Now in the Christmas spirit

By Debra Whittington

Then shall the King say unto them on his right hand, Come, ye blessed of my Father, inherit the kingdom prepared for you from the foundation of the world: For I was an hungered, and ye gave me meat: I was thirsty, and ye gave me drink: I was a stranger, and ye took me in: Naked, and ye clothed me: I was sick, and ye visited me: I was in prison, and ye came unto me.

Then shall the righteous answer him, saying, Lord, when saw we thee an hungered, and fed thee? or thirsty, and gave thee drink? When saw we thee a stranger, and took thee in? or naked, and clothed thee? Or when saw we thee sick, or in prison, and came unto thee?

And the King shall answer and say unto them, Verily I say unto you, Inasmuch as ye have done it unto one of the least of these my brethren, ye have done it unto me. Matthew 25:34-40

I was in a local store picking up a few essential items when I wandered over to the Christmas display section. A friend of mine, who is also an employee of the store, was putting Christmas stock up on the shelves. “I just can’t get into the Christmas spirit,” she told me. “I didn’t last year, either.”
Evidently the store wasn’t in the spirit either as they were still putting out Christmas stock in November when other stores had all of theirs up in September. Somehow, all of the trimmings and other items seemed to lack something. Usually, I am enthralled with Christmas decorations the minute they are put out and can hardly wait to plan my Christmas theme for the season. No, I am not Scrooge, but I feel as though I already celebrated Christmas.

At our church, we start Christmas in early October when boxes are placed on the front pew along with ages of young children ranging in age of two to thirteen. Each box represents a child in Mexico who barely has the necessities of life with little money left over for gifts. Members of the church take one of these boxes and a slip of paper with a child’s age on it and go shopping for the child.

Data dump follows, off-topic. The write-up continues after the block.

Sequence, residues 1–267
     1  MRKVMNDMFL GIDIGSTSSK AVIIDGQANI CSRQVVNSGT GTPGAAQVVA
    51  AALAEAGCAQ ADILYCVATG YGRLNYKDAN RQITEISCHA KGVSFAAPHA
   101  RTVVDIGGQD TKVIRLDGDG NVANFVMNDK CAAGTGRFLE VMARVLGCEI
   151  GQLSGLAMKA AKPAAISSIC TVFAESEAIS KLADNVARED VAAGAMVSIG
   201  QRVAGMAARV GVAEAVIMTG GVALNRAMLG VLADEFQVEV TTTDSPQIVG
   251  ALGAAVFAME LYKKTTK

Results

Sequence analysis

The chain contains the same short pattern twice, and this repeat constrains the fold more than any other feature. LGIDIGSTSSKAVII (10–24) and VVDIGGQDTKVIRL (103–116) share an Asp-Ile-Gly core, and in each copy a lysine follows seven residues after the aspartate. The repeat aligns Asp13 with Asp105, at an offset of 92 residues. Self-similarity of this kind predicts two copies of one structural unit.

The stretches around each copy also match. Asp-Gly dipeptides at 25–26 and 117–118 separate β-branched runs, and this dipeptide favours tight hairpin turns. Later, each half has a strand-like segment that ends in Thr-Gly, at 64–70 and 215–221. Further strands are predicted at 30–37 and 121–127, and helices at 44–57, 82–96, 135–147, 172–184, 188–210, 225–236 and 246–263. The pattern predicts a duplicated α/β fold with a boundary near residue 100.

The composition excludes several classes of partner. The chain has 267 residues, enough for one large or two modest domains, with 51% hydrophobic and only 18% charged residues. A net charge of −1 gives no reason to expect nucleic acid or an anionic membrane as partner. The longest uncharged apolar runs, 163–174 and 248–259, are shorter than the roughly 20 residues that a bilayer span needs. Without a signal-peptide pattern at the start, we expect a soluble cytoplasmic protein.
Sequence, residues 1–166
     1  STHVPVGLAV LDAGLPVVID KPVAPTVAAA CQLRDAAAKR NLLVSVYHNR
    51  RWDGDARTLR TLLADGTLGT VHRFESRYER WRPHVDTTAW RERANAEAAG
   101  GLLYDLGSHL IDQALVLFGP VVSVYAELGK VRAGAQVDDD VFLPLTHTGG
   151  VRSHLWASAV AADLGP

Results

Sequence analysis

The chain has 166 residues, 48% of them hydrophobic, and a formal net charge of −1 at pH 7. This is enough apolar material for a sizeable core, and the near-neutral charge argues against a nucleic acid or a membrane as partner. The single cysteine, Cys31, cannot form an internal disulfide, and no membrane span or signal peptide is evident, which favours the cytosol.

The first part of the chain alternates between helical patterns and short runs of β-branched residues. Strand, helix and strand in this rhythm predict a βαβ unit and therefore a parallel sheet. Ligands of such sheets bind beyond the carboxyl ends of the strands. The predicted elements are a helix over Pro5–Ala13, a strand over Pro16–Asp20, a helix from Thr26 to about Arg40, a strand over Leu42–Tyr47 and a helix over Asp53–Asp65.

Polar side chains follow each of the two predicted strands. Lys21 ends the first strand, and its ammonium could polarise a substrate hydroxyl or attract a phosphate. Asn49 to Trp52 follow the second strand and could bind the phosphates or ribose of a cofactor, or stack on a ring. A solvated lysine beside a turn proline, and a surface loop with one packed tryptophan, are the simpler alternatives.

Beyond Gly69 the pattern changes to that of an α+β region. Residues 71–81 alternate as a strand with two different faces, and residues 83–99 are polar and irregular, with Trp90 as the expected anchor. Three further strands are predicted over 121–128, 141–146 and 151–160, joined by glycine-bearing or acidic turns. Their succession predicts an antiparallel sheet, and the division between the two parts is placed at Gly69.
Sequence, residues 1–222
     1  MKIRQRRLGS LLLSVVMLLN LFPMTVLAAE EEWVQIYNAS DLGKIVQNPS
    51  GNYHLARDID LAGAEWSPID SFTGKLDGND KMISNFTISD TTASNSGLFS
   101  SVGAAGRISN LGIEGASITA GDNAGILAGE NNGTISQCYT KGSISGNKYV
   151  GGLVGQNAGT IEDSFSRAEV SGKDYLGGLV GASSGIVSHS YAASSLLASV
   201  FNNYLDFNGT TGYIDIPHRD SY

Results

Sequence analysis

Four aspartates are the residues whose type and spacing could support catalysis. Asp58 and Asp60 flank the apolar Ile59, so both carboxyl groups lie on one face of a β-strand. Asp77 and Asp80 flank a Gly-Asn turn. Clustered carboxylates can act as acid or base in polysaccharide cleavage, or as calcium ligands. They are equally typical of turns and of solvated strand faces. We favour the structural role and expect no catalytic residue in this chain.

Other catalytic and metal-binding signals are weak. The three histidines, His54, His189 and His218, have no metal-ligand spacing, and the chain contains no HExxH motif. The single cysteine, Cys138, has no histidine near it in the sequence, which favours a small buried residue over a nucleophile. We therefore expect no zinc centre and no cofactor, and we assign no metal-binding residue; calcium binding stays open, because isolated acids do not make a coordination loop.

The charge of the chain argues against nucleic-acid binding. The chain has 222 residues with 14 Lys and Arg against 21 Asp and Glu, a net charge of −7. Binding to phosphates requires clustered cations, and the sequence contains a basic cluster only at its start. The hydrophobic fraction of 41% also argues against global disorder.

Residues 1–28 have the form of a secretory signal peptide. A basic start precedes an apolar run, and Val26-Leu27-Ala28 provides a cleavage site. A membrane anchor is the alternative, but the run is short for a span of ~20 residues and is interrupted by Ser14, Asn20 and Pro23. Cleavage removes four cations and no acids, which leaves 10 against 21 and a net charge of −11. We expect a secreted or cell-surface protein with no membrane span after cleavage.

On his mission trips to Mexico, Mark told me about these little children who are so loving. They appreciate everything given to them, which makes it a joy to shop for them.
As I made my selections, I commented to myself that the item was for my little boy or girl. Even though I probably will never meet these children, for a little while they were mine. I will always feel a connection to them because I had the privilege to do something for them.

On Sunday, we presented our boxes at church. From little toddlers to senior citizens, we brought our boxes and placed them at the front of the church. Then we had prayer for the recipients of the boxes. It was such a joy to see all of those boxes and anticipate the look on the children’s faces when they open them.

These children are so grateful because they have so little. Most children in the US receive numerous gifts on Christmas. I remember the story of three little children who tore the paper off their gifts and flung them to the side. As they finished unwrapping they asked, “Is that all?” They didn’t even stop to examine their gifts, as they wanted more. No matter how much they received, it wasn’t enough.
We are blessed with so much while others throughout the world have so little. It is such a joy and privilege to help others. While we are through with the shoe boxes this year, there are so many other opportunities to help others. La Casa de la Hope is asking for coats for children. Angel trees offer names of children whose parent or parents are in prison who need help this year. In our own community are numerous people who are struggling to make ends meet and need a little assistance.

Members of First Baptist Church are kicking off the holiday season on Thanksgiving Day with a free dinner for anyone who wishes to come. Turkey, dressing, and all the trimmings will be provided. For those who are physically unable to attend, can call the church office at 461-2724 to arrange for someone to deliver dinner to them. Last year, over a hundred people attended the dinner.

Wherever you look, there is an opportunity this holiday season to give money, time, and more important: yourself. Make it a merrier holiday season and a blessed Christmas for someone this year.